Rigorous Consent Requirements
GDPR creates a more rigorous process for consumer consent to data collection. No longer will companies be able to use complex legalese to obtain consent; instead, consent language must be unambiguous and clearly outline why data is collected and how it will be used.
Expanded Definition of PII
For many organizations, PII is currently defined only as identifiers that can be linked directly to a person such as home addresses, email addresses, or telephone numbers. As such, most advertising technology companies have washed their hands of regulatory scrutiny by explicitly saying that they do not handle PII. However, GDPR expands the definition of PII to include identifiers that can be indirectly linked to an individual. This includes digital identifiers such as IP addresses or cookie IDs, all of which are essential to the functioning of most parts of the ad tech stack. Organizations and their tech vendors may have to update their privacy policies and data handling practices in response to this expanded definition.
GDPR has teeth. Companies can be fined up to 4% of their annual revenue or €20 million for the most severe violations.
While previous European privacy regulations affected only businesses located in the EU, GDPR affects any business which collects or processes data from European consumers. So even if your website is hosted in North America or Asia, GDPR affects any data you collect from EU residents.
For EU businesses, GDPR represents a strengthening – and legal codifying – of concepts already present in European privacy directives. Nonetheless, GDPR will require many European businesses to modify their existing data collection and processing practices.
For global businesses who may collect data from EU consumers, GDPR introduces significantly more rigorous privacy requirements than currently employed in markets such as the United States. These organizations will need to weigh the risk of financial penalties due to GDPR non-compliance against the costs (financial and otherwise) of implementing new privacy practices.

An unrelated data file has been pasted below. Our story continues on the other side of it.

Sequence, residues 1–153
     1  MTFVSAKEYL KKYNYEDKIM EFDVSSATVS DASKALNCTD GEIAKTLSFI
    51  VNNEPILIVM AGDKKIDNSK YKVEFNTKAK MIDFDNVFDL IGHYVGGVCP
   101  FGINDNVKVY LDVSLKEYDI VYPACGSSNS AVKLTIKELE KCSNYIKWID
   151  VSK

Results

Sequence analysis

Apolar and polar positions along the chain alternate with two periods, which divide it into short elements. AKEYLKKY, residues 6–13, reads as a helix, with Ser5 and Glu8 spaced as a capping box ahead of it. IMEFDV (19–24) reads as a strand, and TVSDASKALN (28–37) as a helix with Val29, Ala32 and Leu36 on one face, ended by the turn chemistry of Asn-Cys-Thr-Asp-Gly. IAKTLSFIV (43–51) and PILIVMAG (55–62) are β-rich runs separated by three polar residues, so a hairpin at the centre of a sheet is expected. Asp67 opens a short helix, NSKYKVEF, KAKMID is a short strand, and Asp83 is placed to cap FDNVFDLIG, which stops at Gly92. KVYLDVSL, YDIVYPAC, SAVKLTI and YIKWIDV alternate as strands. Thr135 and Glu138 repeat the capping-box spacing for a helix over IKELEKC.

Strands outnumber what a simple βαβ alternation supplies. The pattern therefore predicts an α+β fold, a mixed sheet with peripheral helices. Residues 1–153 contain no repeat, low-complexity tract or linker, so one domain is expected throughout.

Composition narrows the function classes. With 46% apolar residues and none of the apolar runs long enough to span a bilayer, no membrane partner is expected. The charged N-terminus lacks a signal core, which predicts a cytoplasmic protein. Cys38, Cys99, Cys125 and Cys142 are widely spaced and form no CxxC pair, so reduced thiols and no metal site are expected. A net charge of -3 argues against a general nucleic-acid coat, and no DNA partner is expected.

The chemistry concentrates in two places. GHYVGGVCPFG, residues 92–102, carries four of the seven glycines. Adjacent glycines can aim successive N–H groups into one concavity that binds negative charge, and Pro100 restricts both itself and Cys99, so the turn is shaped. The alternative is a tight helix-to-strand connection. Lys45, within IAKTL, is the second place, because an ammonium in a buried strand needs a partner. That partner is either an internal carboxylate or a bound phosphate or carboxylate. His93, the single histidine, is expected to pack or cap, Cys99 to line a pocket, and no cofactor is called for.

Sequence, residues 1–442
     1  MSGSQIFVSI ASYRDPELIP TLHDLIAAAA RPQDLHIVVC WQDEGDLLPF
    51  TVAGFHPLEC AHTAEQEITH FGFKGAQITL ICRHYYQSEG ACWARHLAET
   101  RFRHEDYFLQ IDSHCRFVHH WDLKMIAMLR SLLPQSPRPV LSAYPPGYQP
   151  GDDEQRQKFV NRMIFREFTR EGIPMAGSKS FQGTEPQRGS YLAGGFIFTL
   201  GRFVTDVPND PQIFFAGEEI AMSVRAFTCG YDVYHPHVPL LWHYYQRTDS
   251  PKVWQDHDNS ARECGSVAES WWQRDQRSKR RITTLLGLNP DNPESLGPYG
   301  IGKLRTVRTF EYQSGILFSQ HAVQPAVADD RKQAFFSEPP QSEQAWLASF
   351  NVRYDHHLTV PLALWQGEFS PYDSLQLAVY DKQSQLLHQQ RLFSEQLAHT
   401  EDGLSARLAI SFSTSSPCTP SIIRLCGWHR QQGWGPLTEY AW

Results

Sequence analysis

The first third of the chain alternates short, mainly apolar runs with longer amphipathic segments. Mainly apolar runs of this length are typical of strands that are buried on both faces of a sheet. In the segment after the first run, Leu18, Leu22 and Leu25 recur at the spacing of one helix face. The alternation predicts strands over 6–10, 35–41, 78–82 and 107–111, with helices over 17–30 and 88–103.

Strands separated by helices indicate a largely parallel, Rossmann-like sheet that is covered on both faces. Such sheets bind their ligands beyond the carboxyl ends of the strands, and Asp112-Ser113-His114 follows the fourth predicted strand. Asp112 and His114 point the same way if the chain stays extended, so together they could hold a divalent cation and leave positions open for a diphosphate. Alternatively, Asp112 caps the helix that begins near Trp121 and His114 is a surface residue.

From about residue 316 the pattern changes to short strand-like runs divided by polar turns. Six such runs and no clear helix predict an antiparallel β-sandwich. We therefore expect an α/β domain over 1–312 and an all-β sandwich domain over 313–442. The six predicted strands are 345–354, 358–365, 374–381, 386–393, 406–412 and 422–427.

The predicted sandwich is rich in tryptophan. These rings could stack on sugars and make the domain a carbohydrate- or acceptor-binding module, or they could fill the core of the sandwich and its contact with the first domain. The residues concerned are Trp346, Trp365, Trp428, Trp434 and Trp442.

Most importantly, GDPR means organizations with strong first-party data strategies and close, collaborative relationships with their marketing technology vendors will have a significant competitive advantage over those reliant on a scattered tech stack. In response to the looming implementation of GDPR, organizations should:
- Build a cross-departmental plan. For any marketer whose product touches EU consumers, we recommend setting up a cross-department working group on GDPR that includes compliance/legal stakeholders, IT, web management, CRM, and any other department that uses for consumer data — it’s not just about digital data or advertising!
- Know what data is collected from your digital properties…and by whom. GDPR places additional regulatory burdens on organizations to police the compliance of data processors who act on their behalf. In programmatic media, complex supply chains can mean your website may contain code from dozens of vendors such as DSPs, DMPs, and ad exchanges who gather data from your site and for whom you may be responsible for ensuring compliance. At the bare minimum, your organization should understand what information these vendors are collecting and what their policies are for handling this data.
- Understand your agency and ad tech vendors’ plans to ensure business continuity. For some ad tech vendors, GDPR may force a significant redesign of certain functionality. Areas such as 3rd party data and cross-device targeting may specifically carry the most risk of disruption. Talk to your DMP and DSP partners about their plans for addressing GDPR and ask which areas of functionality need to be altered – and what development timelines look like – to maintain compliance.